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Act 4 of the crucible is dynamic theatre; discuss how miller makes this act dramatic

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Introduction

Act 4 of the crucible is dynamic theatre; discuss how miller makes this act dramatic The Crucible provides us with what can only be described as masterpiece of dramatic writing. Written by Arthur Miller in 1952, the most powerful scenes in "The Crucible" have several common characteristics; very effective use of stage directions, long build-ups of suspense that come crashing down in thundering climaxes, intense displays of emotion and an abundance of dramatic irony. The play, set in 1692, is based upon the outbreak of accusations of witchcraft in Salem, Massachusetts. Miller wrote the play using this 17th-century case (and fictionalising it) to comment on a 20th-century phenomenon - the exposure of suspected communists. In 17th century Salem the inhabitants feared witchcraft as America feared communism in the 1950's; and many similarities can be drawn between the events of the two periods. Both were exaggerated out of all reasonable proportion and each contains communities that display an irrational fear of an ill perceived threat to their stability of life. Indeed, the theme of culpability that runs throughout the play is mirrored constantly in modern society, particularly in politics, where those in office are frequently blamed for incidents that are completely beyond their control. The writing of this play stemmed from Miller's personal interest in the Salem witch trials and at the time, America was in the middle of the McCarthy political "Witch Hunt". ...read more.

Middle

At the very beginning of the scene, we see a representation of the main theme of the story; the helplessness of the villagers against the cruel authority of Danforth, illustrated by the forcible removal of Tituba and Sarah Good from their cell. The power struggle between those in office and the common man draws great empathy from the audience and reinforces the brutality of the entire ordeal. Indeed, the women's response to the guards; "We goin' to Barbados, soon devil gits here..." highlights the villagers' great superstition around Satan, giving the audience insight into how the situation has spiraled out of control, and how their fears fuel the fires of hysteria, allowing the oppression of the villagers to continue unabated. Conversely, a shining example of the theme of resistance is seen in John Proctor. Despite the efforts of his accusers to completely strip him of his dignity, leaving him chained, bedraggled and "filthy", Proctor still retains the courage of his convictions and remains firm in his principles. Even though acquiescing to Danforth's demands would result in his release, Proctor destroys his confession, steadfastly and hysterically refusing to surrender his name to his enraged captor, maintaining that "I have given you my soul; leave me my name!". This defiance towards authority is not encouraged by his wife Elizabeth, but does elicit admiration from several of the villagers, most notably Rebecca, who also refuses to "sell her soul". ...read more.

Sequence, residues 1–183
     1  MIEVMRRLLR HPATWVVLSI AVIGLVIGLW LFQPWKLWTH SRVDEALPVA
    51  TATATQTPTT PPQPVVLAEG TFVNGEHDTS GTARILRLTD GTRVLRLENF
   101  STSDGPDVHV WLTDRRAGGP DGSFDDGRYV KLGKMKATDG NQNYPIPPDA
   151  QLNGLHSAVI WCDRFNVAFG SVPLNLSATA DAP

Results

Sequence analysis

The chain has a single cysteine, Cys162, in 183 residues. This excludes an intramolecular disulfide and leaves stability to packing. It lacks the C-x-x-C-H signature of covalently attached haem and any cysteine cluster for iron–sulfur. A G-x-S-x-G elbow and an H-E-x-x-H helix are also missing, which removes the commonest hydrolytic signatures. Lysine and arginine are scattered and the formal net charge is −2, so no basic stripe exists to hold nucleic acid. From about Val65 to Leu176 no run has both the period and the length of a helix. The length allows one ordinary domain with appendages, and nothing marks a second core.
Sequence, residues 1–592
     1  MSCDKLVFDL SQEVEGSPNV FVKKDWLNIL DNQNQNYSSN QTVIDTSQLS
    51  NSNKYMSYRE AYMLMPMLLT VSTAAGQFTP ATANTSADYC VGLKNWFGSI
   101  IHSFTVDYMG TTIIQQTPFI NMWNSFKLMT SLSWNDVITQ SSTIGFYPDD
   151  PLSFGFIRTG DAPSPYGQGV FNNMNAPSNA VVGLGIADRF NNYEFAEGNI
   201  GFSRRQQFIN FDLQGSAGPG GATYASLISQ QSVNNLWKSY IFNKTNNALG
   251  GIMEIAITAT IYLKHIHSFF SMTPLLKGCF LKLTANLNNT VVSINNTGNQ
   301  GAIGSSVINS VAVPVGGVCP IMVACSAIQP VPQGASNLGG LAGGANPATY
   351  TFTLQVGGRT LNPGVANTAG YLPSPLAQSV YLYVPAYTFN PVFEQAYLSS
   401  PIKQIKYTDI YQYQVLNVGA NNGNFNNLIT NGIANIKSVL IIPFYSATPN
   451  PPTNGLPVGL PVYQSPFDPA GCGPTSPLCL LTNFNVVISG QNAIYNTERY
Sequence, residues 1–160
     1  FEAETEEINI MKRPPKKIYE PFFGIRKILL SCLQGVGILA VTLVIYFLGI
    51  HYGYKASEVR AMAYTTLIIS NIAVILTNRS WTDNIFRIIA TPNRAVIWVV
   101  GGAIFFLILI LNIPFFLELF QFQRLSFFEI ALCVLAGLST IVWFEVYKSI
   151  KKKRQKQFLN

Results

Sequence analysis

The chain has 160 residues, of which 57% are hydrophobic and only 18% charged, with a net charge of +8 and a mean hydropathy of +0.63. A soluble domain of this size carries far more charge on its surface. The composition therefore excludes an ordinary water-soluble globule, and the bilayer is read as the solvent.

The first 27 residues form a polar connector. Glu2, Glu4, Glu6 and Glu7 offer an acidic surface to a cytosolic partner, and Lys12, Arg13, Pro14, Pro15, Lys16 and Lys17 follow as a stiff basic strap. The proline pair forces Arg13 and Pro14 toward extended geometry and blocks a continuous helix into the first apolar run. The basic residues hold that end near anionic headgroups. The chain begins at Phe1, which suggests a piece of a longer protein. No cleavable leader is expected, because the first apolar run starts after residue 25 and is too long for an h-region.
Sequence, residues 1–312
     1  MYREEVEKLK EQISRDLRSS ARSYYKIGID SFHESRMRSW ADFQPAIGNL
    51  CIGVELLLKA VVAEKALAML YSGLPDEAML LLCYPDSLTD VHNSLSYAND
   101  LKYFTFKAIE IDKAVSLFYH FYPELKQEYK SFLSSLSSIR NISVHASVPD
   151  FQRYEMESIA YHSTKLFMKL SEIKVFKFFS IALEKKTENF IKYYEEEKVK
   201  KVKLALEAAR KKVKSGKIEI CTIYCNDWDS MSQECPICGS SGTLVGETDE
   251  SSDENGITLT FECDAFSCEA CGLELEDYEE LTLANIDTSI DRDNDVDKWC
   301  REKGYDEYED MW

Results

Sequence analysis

Conclusion

Equally we see the irony surrounding a power-hungry character who demands to be addressed as "Honour" and "Excellency" as these titles are arguably antonyms when given to such a brutal character as Danforth, and indeed more recently, albeit on a lesser scale, McCarthy. A significant phrase used during the Salem interrogations; "Did you ever see...with the devil?" can be directly linked to the language often used during the McCarthy communist 'witch-hunt' of 1950's USA, as ironically, Russia, and by association communism, was colloquially referred to as the 'devil'. This shows that although many phrases may have been abandoned since the 17th century, the fundamental tenet of this expression still remains today. Throughout the Crucible we see Miller create consistently dynamic theatre by providing us with the classic conventions of effective drama; structured plot, evocative setting and spectacular use of language. Character conflict is also an integral part of the action, as this helps not only to establish the two main protagonists that can be found at the heart of any good story, but also gives the audience an insight into the mind-set of some of the more complex characters. Overall, Miller constructs a successful allegory that allows the audience to experience the suffering of those involved in the witch hunts, and through effective and inescapable comparison, the McCarthy period. Truly, the Crucible is a direct social comment on what transpired during that era, and continues to be relevant today, as the main themes of blame and accusation are still prevalent in modern society. ...read more.

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